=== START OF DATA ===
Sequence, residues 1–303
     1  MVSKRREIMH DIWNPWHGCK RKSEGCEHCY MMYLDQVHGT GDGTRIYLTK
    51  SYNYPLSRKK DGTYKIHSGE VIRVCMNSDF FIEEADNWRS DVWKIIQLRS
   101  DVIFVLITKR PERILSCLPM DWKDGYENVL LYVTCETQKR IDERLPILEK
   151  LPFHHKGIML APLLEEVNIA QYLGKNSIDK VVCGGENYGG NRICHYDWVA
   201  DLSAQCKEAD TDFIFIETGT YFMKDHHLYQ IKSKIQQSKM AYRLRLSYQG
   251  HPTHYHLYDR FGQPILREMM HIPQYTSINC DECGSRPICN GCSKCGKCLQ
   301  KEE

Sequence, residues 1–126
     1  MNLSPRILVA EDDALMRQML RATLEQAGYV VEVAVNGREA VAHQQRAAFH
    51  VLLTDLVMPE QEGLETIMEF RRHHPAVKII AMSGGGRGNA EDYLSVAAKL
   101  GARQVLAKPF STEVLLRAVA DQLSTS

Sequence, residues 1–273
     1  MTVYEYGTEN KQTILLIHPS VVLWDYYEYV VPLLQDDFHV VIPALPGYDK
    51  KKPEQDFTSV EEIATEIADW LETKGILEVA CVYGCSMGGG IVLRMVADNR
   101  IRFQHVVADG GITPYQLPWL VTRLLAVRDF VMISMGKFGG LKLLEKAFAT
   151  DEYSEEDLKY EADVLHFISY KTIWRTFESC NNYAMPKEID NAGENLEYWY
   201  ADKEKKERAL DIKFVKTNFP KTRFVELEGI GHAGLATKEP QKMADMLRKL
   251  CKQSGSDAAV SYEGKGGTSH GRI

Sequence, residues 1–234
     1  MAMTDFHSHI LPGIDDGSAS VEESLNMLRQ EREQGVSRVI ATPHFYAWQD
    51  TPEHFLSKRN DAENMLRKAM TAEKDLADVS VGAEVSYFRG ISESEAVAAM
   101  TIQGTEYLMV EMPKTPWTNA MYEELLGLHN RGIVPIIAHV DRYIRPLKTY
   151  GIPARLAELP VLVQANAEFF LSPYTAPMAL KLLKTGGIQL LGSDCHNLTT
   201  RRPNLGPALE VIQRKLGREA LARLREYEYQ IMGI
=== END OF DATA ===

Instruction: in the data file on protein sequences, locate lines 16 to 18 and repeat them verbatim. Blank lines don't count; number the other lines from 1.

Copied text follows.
   101  IRFQHVVADG GITPYQLPWL VTRLLAVRDF VMISMGKFGG LKLLEKAFAT
   151  DEYSEEDLKY EADVLHFISY KTIWRTFESC NNYAMPKEID NAGENLEYWY
   201  ADKEKKERAL DIKFVKTNFP KTRFVELEGI GHAGLATKEP QKMADMLRKL